Morchella esculenta Polysaccharides (mannose, ribose, rhamnose, glucuronic acid, galacturonic acid, glucose, galactose, arabinose, fucose) Lactobacillus↑, Firmicutes↑, Actinobacteria↓, Corynebacterium↓, Facklamia Endotoxemia↓, insulin resistance-related proinflammatory cytokines IL-1β↓, TNF-α↓, IL-6↓ (Rehman et al., 2022)
Phellinus linteus Polysaccharides (glucose, mannose, galactose, xylose, arabinose, rhamnose) Porphyromona Fasting blood glucose↓, glucose tolerance↑ (Feng et al., 2018)
Polysaccharide extracts (glucose, arabinose, fucose, galactose, xylose) Roseburia↑, Prevotella↑, Ruminiclostridium-9↑, Lachnospiraceae↑, Blautia↑, Oscibacter↑, Clostridium↓, Escherichia↓, Bacteroidales↓ SCFAs↑, lipopolysaccharides↓ (Liu et al., 2020)
Ganoderma lucidum Polysaccharides (mannose, glucose, galactose, rhamnose, arabinose) Aerococcus↓, Ruminococcus↓, Corynebactrium↓, Proteus↓, Blautia↑, Dehalobacterium↑, Parabacteroides↑, Bacteroides Fasting blood glucose↓, insulin↓, butyric acid↑, valeric acid↑, amino acid metabolism↑, carbohydrate metabolism↑, bacterial toxin↓ (Chen et al., 2020)

Please note that most of the results in the presented references are from studies performed on animal models, and additional experiments are required to determine if the results can apply to healthy individuals or humans.

↑: Increased, enhanced, promoted, or positively changed in terms of activity, expression, or concentration.

↓: Decreased, inhibited, repressed, reduced, or negatively changed in terms of activity, expression, or concentration.

SCFAs: short-chain fatty acids, LDL-C: low-density lipoprotein cholesterol, PPAR: peroxisome proliferator-activated receptor, SREBP: sterol regulatory element-binding protein, ACC: acetyl-CoA carboxylase, HDL: high-density lipoprotein, IRS: insulin receptor substrate, JNK: c-Jun N-terminal kinase, IL: interleukin, TNF: tumor necrosis factor.

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3.1. Polysaccharides from plants

A homogeneous polysaccharide fraction from Ophiopogon japonicus improved insulin resistance, glucose tolerance, diabetes-associated gut microbiota, and SCFA metabolism in mice with high-fat diet-induced type-2 diabetes (Wang et al., 2019). It increased the population of Actinobacteria and Bifidobacterium and decreased that of Proteobacteria and type 2 diabetes-associated bacteria.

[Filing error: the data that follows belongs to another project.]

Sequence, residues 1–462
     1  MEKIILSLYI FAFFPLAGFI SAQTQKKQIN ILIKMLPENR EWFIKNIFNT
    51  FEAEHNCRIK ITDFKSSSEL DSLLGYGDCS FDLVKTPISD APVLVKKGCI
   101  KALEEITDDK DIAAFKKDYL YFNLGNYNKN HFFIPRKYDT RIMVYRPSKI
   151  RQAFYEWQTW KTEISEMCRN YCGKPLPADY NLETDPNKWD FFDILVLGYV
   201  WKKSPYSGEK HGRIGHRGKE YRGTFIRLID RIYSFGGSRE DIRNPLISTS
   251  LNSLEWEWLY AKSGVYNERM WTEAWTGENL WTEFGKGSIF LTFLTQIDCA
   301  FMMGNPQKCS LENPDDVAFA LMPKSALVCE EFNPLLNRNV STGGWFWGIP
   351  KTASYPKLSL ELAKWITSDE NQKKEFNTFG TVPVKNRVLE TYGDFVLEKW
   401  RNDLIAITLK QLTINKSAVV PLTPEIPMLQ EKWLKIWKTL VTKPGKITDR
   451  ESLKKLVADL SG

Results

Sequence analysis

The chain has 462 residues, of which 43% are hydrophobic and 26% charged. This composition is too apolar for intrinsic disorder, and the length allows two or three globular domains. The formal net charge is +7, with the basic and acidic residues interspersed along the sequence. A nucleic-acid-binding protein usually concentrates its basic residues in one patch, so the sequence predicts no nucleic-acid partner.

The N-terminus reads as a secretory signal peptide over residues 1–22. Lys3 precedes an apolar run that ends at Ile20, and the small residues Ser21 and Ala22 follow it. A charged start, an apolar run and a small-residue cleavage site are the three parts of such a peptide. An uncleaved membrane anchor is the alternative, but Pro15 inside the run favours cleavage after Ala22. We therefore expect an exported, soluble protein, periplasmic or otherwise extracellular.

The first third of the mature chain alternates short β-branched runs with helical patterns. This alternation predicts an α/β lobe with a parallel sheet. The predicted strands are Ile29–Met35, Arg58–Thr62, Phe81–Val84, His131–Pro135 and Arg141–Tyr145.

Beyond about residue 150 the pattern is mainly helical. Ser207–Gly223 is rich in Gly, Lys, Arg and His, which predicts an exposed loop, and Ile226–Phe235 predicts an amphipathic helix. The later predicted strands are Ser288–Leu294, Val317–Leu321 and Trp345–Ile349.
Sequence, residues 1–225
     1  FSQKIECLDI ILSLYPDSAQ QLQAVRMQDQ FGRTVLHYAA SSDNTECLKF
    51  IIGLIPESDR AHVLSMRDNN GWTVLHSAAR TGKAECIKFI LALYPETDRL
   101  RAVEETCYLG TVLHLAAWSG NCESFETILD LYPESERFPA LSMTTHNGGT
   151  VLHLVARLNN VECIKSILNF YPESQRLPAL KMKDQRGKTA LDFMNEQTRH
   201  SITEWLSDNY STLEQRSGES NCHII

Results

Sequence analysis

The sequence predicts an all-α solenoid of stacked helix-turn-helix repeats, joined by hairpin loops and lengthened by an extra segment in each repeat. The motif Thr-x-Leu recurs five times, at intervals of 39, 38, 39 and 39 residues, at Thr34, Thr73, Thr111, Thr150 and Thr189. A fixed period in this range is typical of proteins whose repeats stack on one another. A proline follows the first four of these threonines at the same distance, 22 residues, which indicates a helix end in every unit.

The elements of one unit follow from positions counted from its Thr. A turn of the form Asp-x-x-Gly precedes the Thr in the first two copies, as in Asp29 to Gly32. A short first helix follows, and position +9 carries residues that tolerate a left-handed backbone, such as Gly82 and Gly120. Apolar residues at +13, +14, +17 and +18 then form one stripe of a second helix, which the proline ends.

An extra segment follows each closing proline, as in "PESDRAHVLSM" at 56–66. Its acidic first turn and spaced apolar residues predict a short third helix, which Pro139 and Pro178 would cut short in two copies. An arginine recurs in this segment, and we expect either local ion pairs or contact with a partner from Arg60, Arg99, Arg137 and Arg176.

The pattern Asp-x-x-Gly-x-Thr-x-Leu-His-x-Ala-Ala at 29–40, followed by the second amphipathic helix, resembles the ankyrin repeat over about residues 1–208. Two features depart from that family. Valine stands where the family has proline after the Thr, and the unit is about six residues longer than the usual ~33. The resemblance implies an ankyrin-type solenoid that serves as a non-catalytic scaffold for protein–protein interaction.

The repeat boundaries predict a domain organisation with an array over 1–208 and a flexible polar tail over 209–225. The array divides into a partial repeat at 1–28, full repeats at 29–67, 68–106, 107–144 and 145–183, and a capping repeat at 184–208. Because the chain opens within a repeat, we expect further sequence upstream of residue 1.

Salvia miltiorrhiza polysaccharides fortified probiotic activity by reducing total cholesterol and total triglyceride levels in the liver; free fatty acid levels in the serum; and alanine aminotransferase, aspartate aminotransferase, and low-density lipoprotein cholesterol (LDL-C) levels (Wang et al., 2020b). Gut microbiota alterations, such as an increase in the abundance of Cyanobacteria, Bacteroides, Lactobacillus, and Parabacteroides and a decrease in that of Oscillospira and Alistipes, were induced by these polysaccharides.

Rosa roxburghii-originated polysaccharides have been reported to significantly reduce fat, liver hypertrophy, fasting blood glucose levels, and serum insulin and lipids as well as attenuate the expression levels of peroxisome proliferator-activated receptor (PPAR)-γ, sterol regulatory element-binding protein-1, acetyl-CoA carboxylase (ACC)-1, fatty acid synthase (FAS), and glucose-6-phosphatase (Wang et al., 2020a). Gut microbiota balance was altered by lowering the Firmicutes/ Bacteroidetes ratio; increasing the relative abundances of beneficial bacteria, Bacteroidaceae, Peptostreptococcaceae, Prevotellaceae, Rikenellaceae, Bacteroidales, and Lactobacillus; and decreasing the relative abundances of Enterocaccaceae, Desulfovibrionaceae, Clostridiaceae, Ruminococcaceae, Erysipelotrichoceae, Helicobacteraceae, Ruminococcaceae, Lachnospiraceae, Clostridiales, and Desulfovibrionales.